This taxicab becoming an ever more common sight in Tokyo, as it gradually starts to replace its esteemed predecessors, the Crown Comfort and the Nissan Cedric. If those two are anything to go by, the JPN Taxi will become a mainstay in Japanese cities for the next few decades. Let’s go for a ride – I’m buying.
Toyota produced only two bona fide taxi models before the JPN. One was the Toyopet Master, back in the ‘50s. It was soon deemed surplus to requirements and the standard Crown replaced it after about two years of production. The other was the famous Comfort / Crown Comfort, which debuted in late 1995 and was delivered up until the first weeks of 2018. It was a hard act to follow, which is why Toyota took quite a long time to initiate a replacement. The Crown Comfort outsold its direct competitor, the Nissan Cedric Y31, by a healthy margin, leading Nissan to quit the taxi trade back in 2014. This was just as Toyota unveiled a new prototype that would become the JPN.
Compared to the old Crown, the new Toyota taxi looks bulky and a tad less dignified, though it could also be said that Toyota designers took the British LTI TX4 as their inspiration, at least in terms of shape. Making a high-roofed wagon was quite a logical solution – one that the Brits certainly found to their liking for many years, going back to the Austin FX3.
However, while the JPN provides its rear passengers with a very generous amount of space, it does not compare to the British black cabs, which provide seating for five at the back, to the detriment of trunk space. The JPN has a proper cargo area at the rear; one extra passenger can be accommodated on the front seat next to the driver, just like in most normal cars, which means a maximum of four passengers can be carried.
The floor is completely flat, adding to the rear seat’s capacity. This is in marked contrast with the RWD Comfort, where legroom in the middle seat is compromised by the substantial transmission tunnel. Toyota switched to FWD for the JPN, which is based on the Sienta, a variant of the Toyota B platform.
New platform means a new drivetrain, but also a new engine. Gone are the 2-litre 4-cyl. engines that powered Crown taxis since the beginning of time (often with LPG): the future is hybrid, with a 1.5 NZ engine (aluminium block, DOHC), Ni-MH batteries and a 61hp AC motor. The only transmission option is a planetary gear CVT analogous to the one found on the Prius.
The remotely-operated sliding rear left door, low floor and high roof make ingress and egress far more convenient than the older models, and have enabled Toyota to add a built-in ramp for wheelchair users. I imagine that this would also require moving the bench seat backwards quite a bit.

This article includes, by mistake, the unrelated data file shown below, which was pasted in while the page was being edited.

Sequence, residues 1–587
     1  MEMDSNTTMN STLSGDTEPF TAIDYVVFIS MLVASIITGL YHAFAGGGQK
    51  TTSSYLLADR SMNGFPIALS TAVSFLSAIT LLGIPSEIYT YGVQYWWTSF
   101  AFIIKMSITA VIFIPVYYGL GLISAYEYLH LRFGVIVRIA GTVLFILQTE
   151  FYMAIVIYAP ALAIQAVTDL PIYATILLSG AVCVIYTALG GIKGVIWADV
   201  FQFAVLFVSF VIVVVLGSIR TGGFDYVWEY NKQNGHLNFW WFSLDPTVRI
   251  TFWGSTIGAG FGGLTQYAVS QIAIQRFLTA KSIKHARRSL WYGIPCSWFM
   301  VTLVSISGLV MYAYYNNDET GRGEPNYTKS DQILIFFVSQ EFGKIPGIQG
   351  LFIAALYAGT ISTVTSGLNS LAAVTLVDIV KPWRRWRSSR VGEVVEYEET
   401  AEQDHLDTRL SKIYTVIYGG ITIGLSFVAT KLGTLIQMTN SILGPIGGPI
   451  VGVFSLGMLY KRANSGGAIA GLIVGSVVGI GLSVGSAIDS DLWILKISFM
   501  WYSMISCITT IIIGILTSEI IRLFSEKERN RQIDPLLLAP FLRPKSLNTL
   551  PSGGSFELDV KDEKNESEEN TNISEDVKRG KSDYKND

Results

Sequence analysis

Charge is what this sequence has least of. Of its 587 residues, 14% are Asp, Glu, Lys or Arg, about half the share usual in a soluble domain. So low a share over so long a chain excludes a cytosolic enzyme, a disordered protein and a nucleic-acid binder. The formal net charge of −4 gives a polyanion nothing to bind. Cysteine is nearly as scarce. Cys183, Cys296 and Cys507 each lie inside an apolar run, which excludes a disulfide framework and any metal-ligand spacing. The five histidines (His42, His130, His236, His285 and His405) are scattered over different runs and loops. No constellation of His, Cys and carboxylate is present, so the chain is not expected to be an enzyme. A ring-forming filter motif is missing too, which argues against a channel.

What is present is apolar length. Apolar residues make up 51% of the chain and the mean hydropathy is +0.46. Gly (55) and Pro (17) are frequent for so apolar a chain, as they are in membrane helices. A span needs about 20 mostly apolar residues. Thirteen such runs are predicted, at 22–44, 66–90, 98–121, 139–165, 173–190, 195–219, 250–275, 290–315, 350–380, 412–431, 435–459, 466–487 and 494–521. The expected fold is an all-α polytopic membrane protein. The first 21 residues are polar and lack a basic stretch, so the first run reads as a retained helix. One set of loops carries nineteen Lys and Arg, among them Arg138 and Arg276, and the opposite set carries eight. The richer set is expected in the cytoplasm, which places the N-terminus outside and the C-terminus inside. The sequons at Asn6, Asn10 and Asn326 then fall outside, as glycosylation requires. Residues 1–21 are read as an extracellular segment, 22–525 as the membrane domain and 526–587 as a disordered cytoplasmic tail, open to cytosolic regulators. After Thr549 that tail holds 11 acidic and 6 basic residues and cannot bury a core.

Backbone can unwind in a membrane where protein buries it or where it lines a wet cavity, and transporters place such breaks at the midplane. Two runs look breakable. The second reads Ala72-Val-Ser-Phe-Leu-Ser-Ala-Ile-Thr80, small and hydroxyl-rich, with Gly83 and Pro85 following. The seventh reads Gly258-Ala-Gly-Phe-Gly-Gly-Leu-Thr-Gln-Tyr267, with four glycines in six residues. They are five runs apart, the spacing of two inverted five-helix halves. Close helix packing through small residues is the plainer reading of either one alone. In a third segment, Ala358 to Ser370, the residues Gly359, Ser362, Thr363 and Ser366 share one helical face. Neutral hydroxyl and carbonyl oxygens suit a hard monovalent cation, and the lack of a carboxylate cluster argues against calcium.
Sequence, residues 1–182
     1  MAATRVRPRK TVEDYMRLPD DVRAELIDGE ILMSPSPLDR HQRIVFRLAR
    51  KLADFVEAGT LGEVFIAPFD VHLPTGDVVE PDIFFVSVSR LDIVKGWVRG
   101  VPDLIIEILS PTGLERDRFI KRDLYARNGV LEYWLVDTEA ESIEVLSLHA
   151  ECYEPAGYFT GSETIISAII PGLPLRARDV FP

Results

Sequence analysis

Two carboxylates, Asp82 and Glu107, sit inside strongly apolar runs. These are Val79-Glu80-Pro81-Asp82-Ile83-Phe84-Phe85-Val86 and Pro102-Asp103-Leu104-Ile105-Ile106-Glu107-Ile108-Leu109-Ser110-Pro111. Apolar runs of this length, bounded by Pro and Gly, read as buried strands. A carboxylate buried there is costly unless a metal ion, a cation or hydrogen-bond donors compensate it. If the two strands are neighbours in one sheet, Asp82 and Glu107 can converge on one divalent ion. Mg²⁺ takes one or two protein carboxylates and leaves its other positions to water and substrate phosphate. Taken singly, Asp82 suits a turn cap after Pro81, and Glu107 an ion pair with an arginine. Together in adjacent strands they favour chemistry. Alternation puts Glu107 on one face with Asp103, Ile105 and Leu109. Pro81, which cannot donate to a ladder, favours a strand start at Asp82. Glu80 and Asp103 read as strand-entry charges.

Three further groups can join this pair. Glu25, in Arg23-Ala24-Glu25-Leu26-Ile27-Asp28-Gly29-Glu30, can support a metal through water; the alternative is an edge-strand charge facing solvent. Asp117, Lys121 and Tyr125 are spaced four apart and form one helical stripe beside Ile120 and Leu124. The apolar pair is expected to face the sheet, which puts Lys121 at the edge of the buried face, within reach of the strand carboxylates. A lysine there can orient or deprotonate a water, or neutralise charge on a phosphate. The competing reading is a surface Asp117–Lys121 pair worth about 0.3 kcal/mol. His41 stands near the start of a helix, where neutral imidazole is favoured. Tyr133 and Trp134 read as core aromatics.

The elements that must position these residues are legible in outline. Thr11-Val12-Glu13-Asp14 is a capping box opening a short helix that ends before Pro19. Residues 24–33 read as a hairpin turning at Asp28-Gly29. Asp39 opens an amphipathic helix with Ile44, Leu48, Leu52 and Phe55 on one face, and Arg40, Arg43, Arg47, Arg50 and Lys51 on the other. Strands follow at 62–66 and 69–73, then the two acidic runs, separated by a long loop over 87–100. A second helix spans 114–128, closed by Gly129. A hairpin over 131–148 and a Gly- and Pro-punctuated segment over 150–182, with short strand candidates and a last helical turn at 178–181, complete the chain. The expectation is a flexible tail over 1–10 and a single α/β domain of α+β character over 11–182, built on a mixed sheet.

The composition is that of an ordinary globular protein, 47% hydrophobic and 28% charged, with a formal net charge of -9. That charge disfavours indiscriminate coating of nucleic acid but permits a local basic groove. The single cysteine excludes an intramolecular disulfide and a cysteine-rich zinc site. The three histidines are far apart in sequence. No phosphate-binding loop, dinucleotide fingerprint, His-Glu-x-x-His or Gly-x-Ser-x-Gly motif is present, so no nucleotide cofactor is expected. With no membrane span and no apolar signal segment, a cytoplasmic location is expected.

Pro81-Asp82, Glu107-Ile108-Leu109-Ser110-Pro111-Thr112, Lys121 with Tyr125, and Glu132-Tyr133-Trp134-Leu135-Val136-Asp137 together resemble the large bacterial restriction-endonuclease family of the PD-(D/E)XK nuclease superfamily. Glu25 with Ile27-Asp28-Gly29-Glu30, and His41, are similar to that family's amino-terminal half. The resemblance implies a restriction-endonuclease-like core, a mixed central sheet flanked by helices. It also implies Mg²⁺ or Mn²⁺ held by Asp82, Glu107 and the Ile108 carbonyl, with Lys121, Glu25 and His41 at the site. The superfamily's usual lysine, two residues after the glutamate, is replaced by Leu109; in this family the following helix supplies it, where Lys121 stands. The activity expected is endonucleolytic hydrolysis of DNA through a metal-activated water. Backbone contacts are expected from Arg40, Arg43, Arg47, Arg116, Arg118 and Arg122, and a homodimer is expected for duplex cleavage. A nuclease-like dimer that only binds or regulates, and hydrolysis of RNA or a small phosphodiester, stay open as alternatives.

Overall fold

Another nice feature is this little ceiling-mounted cluster, part of the higher-end “Takumi” package. Heated seats are a nice touch, though the real ace in the hole are the independent rear HVAC controls. All 21st-Centruy taxis should have that, in my opinion.
The large straps above the doors look a little too plasticky for my taste, but are most welcome all the same. These used to be a deluxe feature of the big Citroëns, from the 15-Six to the CX Prestige, so I’m all for these. Can’t say they’re much needed though, due to the JPN’s high roof. But it’s little touches like this and the passenger-operated HVAC controls that really make the difference between a car used as a taxi and a purpose-made vehicle like the JPN Taxi.
The one traditional feature that has remained are the fender-mounted mirrors older JDM cars are so famous for. It’s true that these used to be mandatory, but that law was changed in 1983, so their continued existence on a select few models (the taxis, the Toyota Century and precious few others) is really akin to stand-up hood ornaments or vinyl roofs – pure nostalgia. That’s fine as a design element, but it adds little to the car as a whole.
I’m biased of course, but I’m not a fan of this shape. While not being aggressively ugly like the pre-war Checkers, it lacks the Crown Comfort’s rather amusing over-formality. The JPN has a much more functional shape, which is good, but without the British taxi’s quirkier retro styling. I feel that if you took off the taxi light and painted it sliver, it would not look like a taxi cab – unlike the Comfort or the FX4. Maybe that’s because the JPN is so recent, though.
But in the end, these are relatively minor points. The benefit for passengers and cab drivers is probably worth the relative ugliness of the final product. I imagine the old Comforts will last another decade or so before they are overwhelmed by these. The nub will be the JPN’s durability: the Crowns can easily put on half a million miles and still run fine. How will the JPN fare in this department? That will be the big question, but perhaps not the only one.
There are very few export markets for these – Hong Kong has a few JPNs currently under evaluation, and Singapore has traditionally used the Comfort so there may be a market there too, but beyond that, the JPN is not out to conquer any new markets. However, that was not a problem with the Comfort, so it probably won’t be one either with this model.
Another issue is the fact that Toyota is currently enjoying a monopoly on taxis in Japan. That is potentially a thornier one, as monopolies are not the norm on the JDM. Are arch-rival Nissan about to unveil a competitor, possibly an all-electric car based on the Leaf? Or perhaps another carmaker has a plan to take on Toyota’s dominance of this lucrative niche? Time will tell. In the interim, the JPN fleet will continue to grow and, hopefully, prosper.